It is appropriate to take the longest day of the year to address one of the long tails of the longest lawsuit in MHSAA history.

In August of 2002, a US District Court gave Upper Peninsula schools three choices for remediating gender discrimination in their sports seasons. They were told to switch seasons for girls volleyball and basketball and do one of three additional things:

    1.    Place boys and girls in the same season in all sports; or
    2.    Place UP seasons at the same time as Lower Peninsula seasons in all sports; or
    3.    Switch UP boys and girls seasons in either soccer or tennis.

For a host of reasons in this state and all others, it has made good sense for many sports to schedule boys and girls in different seasons; and for very many years for many good reasons, UP schools have scheduled their seasons differently than LP schools in several sports. So options 1 and 2 were non-starters.

As for the third option: after girls volleyball and girls basketball, the sport for which UP schools least wanted to have switched seasons was tennis. So soccer was the UP sport selected for the court-approved switched seasons for boys and girls.

In July of 2007, the Federal Court denied a Motion by Intervenors to extract UP soccer from its earlier Order so that UP soccer would not be forced to switch seasons for boys and girls. At the same time in a separate Order, the Federal Court denied a Motion to extract LP tennis from the earlier Order.

The LP tennis community was and is as unhappy with the Federal Court Order as the UP soccer community. In fact, LP tennis has had the greatest participation loss of all sports since the seasons changes, including an almost 23 percent decline in boys tennis participation. Almost one-quarter fewer boys are playing high school tennis today than before the seasons switched in the LP!

In any event, the Federal Court determined in 2007 that the switching of boys and girls seasons in LP tennis and UP soccer was legal (after all, the Court itself had offered the changes as acceptable options in 2002); and the Court said that the MHSAA had gone to extremes to explain all the options to schools and listen to their opinions.

Demonstrating their characteristic independence, UP schools have not switched their boys and girls soccer seasons; and some now want the MHSAA to make an exception so they can play in the MHSAA’s fall boys tournament and spring girls tournament. But unlike those schools, which are not specifically addressed in the Federal Court Order, the MHSAA is subject to that Order and cannot make exceptions or grant waivers without violating the Court’s Order.

Based on the rationale of the 2007 Court Order, there is only a slim chance the Federal Court would ever modify its Order. The best chance will occur when there is a Motion filed jointly by the original parties to the lawsuit. It must address both genders, not just girls. It must be a permanent solution, not a temporary exception. It must require no other sport season be changed, for that would just upset another sport community and derail this effort.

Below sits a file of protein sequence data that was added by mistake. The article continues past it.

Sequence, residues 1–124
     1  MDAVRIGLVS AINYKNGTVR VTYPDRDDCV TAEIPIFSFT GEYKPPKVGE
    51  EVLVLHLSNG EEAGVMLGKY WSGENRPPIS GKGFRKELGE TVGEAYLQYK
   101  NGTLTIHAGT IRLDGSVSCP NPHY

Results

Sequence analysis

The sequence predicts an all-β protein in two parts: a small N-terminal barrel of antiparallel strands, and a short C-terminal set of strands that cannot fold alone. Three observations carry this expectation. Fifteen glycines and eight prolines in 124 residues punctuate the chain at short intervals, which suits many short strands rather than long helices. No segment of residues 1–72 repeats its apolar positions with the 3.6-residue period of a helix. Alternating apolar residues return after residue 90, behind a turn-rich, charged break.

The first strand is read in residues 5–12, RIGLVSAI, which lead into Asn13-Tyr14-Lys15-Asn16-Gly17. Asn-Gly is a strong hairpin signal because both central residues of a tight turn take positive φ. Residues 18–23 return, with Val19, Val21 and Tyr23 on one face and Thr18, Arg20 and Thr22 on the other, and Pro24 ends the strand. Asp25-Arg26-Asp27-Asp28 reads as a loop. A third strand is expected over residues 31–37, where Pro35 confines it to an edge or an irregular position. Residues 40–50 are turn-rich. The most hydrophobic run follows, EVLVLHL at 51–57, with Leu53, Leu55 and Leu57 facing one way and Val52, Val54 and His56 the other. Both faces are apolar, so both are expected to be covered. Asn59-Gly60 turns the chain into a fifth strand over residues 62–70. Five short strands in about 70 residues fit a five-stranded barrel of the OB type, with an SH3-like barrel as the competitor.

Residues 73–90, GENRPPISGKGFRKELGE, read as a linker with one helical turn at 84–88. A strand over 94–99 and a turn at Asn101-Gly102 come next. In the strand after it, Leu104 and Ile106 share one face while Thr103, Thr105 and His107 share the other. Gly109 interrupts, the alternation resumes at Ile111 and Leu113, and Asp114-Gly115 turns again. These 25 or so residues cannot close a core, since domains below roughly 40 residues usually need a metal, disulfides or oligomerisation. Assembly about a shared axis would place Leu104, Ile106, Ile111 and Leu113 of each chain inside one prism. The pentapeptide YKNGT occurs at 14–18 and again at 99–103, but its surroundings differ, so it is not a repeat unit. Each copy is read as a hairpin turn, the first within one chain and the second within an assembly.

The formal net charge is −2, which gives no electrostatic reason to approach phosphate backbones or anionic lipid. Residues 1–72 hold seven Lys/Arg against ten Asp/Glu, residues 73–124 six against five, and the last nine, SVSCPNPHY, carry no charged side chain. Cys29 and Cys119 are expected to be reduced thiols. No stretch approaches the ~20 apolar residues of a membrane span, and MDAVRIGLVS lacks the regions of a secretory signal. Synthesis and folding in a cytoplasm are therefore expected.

Catherine Wilson
# Catherine Wilson
Friday, June 21, 2013 1:42 PM
We teach our children to strive for excellence, be a team player and be the best they can be, which aligns with the goals of the MHSAA. It is disappointing to see and know that the Varsity Girls Soccer teams in the Upper Peninsula know that their only goal is to win as many season games as they can and whether they have an awesome season and could go on to play more in finals they cannot. Their season ends knowing they only lost two games this season and that has to be good enough. They cannot play on and try to win a CHAMPIONSHIP for their school!!!! These young ladies pour their sweat, blood and tears into this sport and work together for their coach never giving up......though knowing they will only play a regular season. The dedication of these young ladies for soccer is relentless, as your dedication for them should be!!! Teach these girls that they should never give up, as you should not give up on them in this fight!!
Ron Kaunisto
# Ron Kaunisto
Saturday, June 22, 2013 12:48 AM
Sault high girls varsity soccer team is not included in the state playoffs because they are in the UP, not fair to the girls.
Jennifer LeBlanc
# Jennifer LeBlanc
Monday, June 24, 2013 8:52 AM
My children have been involved with U.P. High School Soccer programs since 2004, and most recently, my daugther completed her freshman year with the local girls High School soccer team. Watching my children being passionate about the sport of soccer; playing with intensity and committment, and the season ending with no hopes of being involved in a significant overall Michigan State tournament has been unfulfilling for my three children. The above-mentioned lawsuit has impacted hundreds of U.P athletes over the years negatively, treating them as less than capable to compete state-wide with similar athletes. Creating fairness with high school sports should be a priority of the MHSAA. It would be great to see equal opportunities for the UP high school athletes to enjoy the satisfaction of playing their best right next to any lower peninusla athlete in a tournament. Any athlete desires the chance to play his/her very best and in most cases, playing in state championship tournaments is the ultimate satifaction for any high school athlete. Lets do the work to make this happen for all the UP athletes negatively impacted by this Michigan lawsuit.

Post Comment

Only registered users may post comments.

From the Director

From the Director is the official MHSAA Blog which will touch on pertinent school sports topics periodically throughout the school year from various MHSAA Staff.